Original Research - Special Collection: Rethinking literacy and pedagogic agency in the 4IR

Rethinking literacy pedagogy in the context of 4IR: Learners’ access and reading motivation

Florence M. Olifant, Madoda P. Cekiso, Naomi Boakye
Reading & Writing | Vol 14, No 1 | a433 | DOI: https://doi.org/10.4102/rw.v14i1.433 | © 2023 Florence M. Olifant, Madoda P. Cekiso, Naomi Boakye | This work is licensed under CC Attribution 4.0
Submitted: 02 April 2023 | Published: 18 December 2023

About the author(s)

Florence M. Olifant, Department of Applied Languages, Faculty of Humanities, Tshwane University of Technology, Tshwane, South Africa
Madoda P. Cekiso, Department of Applied Languages, Faculty of Humanities, Tshwane University of Technology, Tshwane, South Africa
Naomi Boakye, Unit for Academic Literacy, Faculty of Humanities, University of Pretoria, Pretoria, South Africa


Background: In the education sector, technologies are (or can be) repurposed in the Fourth Industrial Revolution (4IR) to facilitate teaching and learning. However, this shift may impact on learners’ access to reading materials and reading motivation.

Objectives: The aim of the study was to determine whether Grade 8 English First Additional Language (FAL) learners’ motivation to read is influenced by access to reading materials in a traditional classroom setting or through online reading platforms.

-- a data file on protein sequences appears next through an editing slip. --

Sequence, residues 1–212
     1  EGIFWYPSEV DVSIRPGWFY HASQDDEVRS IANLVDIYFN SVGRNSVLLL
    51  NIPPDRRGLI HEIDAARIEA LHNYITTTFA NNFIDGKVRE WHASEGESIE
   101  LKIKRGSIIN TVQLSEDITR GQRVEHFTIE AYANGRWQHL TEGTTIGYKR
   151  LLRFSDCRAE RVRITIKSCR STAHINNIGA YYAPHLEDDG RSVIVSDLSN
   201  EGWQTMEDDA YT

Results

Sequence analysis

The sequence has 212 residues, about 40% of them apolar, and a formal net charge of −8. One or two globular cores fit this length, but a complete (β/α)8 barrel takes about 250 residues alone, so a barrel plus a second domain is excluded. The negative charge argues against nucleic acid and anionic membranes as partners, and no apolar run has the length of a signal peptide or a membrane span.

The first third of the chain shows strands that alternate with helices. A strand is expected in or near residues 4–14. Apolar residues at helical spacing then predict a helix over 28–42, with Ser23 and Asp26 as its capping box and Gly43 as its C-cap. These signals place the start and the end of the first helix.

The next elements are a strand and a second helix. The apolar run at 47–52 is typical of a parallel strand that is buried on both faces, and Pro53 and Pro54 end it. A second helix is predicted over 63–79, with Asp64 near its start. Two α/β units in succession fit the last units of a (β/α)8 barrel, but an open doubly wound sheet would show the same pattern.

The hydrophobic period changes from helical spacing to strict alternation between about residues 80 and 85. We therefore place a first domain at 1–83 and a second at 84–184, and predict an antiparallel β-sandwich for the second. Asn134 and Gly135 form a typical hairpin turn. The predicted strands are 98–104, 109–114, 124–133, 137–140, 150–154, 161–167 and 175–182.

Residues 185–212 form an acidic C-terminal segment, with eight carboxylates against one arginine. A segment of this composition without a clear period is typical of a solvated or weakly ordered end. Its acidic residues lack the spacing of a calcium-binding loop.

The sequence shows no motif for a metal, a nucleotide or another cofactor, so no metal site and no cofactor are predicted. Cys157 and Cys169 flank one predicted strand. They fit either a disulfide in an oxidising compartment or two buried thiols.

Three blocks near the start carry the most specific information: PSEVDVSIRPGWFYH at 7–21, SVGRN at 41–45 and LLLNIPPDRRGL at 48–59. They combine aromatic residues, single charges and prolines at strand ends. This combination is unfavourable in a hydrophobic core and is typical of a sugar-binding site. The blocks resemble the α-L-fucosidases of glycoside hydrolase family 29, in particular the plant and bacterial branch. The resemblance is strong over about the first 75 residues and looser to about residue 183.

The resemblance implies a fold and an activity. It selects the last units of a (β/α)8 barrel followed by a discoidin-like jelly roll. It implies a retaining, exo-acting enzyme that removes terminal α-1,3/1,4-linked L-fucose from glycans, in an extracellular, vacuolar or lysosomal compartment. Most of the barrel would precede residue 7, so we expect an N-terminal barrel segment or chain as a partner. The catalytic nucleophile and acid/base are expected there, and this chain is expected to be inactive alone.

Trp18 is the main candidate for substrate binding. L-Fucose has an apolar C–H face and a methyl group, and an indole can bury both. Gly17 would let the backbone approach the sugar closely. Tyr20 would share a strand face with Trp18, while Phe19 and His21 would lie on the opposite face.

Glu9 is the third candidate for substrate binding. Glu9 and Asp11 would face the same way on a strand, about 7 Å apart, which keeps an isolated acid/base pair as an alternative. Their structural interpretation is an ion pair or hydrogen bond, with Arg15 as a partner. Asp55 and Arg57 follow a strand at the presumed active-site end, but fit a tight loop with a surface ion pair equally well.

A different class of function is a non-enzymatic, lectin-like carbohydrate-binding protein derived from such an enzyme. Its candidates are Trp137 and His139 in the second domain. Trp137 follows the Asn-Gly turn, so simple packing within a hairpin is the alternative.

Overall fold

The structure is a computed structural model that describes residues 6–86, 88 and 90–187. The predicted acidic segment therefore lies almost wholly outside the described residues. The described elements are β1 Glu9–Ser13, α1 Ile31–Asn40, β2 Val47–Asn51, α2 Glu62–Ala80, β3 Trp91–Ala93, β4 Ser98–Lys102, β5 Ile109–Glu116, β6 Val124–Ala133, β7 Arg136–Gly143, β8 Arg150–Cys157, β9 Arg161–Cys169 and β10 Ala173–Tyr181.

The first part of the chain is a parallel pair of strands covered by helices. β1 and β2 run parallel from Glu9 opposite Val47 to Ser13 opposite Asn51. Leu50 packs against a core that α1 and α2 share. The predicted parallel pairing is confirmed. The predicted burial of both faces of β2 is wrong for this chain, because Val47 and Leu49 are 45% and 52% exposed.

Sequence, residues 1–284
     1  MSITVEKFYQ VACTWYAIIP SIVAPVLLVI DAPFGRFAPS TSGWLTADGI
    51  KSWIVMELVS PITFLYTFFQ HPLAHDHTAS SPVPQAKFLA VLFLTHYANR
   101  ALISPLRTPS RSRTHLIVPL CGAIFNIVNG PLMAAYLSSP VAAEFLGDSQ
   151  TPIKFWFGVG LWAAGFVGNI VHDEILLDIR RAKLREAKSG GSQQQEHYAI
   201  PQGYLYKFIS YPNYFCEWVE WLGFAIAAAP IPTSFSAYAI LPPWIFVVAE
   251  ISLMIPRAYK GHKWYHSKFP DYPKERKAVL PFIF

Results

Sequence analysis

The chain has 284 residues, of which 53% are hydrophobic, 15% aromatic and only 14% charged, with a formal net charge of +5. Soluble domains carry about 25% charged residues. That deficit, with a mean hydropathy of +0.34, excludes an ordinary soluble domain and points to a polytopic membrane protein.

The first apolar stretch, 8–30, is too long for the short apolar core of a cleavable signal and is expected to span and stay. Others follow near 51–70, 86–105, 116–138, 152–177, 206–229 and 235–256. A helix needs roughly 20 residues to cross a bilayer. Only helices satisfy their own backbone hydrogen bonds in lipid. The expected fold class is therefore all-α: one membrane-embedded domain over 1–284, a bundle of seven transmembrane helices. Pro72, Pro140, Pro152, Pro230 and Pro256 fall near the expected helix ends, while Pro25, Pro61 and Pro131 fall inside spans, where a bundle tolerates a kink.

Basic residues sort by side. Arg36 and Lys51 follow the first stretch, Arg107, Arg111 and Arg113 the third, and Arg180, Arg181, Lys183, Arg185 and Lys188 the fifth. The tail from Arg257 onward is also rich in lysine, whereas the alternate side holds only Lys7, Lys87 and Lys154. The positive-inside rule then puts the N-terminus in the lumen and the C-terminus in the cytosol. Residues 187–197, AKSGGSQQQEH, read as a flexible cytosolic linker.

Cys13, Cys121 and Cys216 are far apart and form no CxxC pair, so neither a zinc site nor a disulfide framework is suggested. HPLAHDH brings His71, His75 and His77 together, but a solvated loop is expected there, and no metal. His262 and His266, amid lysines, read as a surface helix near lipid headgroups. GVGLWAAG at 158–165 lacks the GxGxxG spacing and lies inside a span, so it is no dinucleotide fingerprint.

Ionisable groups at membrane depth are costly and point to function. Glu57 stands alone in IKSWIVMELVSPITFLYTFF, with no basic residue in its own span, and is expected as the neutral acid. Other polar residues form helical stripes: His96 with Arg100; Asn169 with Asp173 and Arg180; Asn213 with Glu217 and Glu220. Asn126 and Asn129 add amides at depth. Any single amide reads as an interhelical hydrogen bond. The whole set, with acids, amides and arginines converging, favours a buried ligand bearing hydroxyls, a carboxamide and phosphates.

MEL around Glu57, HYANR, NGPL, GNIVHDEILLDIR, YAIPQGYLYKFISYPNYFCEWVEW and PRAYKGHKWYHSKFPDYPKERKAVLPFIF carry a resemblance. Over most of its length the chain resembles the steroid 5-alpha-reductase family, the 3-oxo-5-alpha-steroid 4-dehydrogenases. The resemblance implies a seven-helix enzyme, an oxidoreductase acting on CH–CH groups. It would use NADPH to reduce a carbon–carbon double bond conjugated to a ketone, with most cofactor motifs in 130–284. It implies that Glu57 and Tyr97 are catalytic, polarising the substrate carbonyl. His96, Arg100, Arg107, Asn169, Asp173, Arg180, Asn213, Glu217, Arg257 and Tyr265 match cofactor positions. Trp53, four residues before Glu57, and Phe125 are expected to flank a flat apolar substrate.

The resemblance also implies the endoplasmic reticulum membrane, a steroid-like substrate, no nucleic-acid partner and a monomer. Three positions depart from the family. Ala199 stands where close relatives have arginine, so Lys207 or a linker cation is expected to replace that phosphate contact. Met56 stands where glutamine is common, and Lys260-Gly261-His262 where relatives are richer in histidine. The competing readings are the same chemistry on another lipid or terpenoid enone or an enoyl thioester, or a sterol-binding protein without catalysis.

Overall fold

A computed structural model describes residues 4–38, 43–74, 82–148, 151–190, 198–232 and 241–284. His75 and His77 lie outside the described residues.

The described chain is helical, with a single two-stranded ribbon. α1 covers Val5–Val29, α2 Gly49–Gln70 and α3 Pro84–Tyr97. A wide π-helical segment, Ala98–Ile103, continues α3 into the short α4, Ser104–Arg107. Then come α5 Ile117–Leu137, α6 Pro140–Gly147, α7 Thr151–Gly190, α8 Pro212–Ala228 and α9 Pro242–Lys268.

Method: Likert-scale survey questionnaires were used to measure this relationship. Data from 466 Grade 8 English FAL learners from six South African township schools were collected and SPSS version 25 was used to analyse the data.

Results: In traditional classrooms, the findings showed that increased access positively influenced motivation, whereas this effect was not evident in online reading platforms. However, in both settings, motivation increased when learners had access to a diverse selection of reading materials. Finally, the findings indicated a parallel relationship between learners’ low motivation and limited access to reading platforms.

Conclusion: The study concluded that while traditional classrooms continue to play an important role in global education, the ongoing evolution of technology-based learning platforms has compelled a shift in reading practices toward online platforms, which are reshaping the educational landscape, demonstrating the increasing significance of technology-mediated learning in modern education.

Contribution: The authors recommend enhanced collaboration between teachers and learners to devise innovative methods for motivating online reading, ensuring learners’ inclusion in the 4IR literacy pedagogy evolution.


English First Additional Language (FAL); access to reading materials; reading motivation; traditional reading; online reading; learners.

Sustainable Development Goal

Goal 4: Quality education


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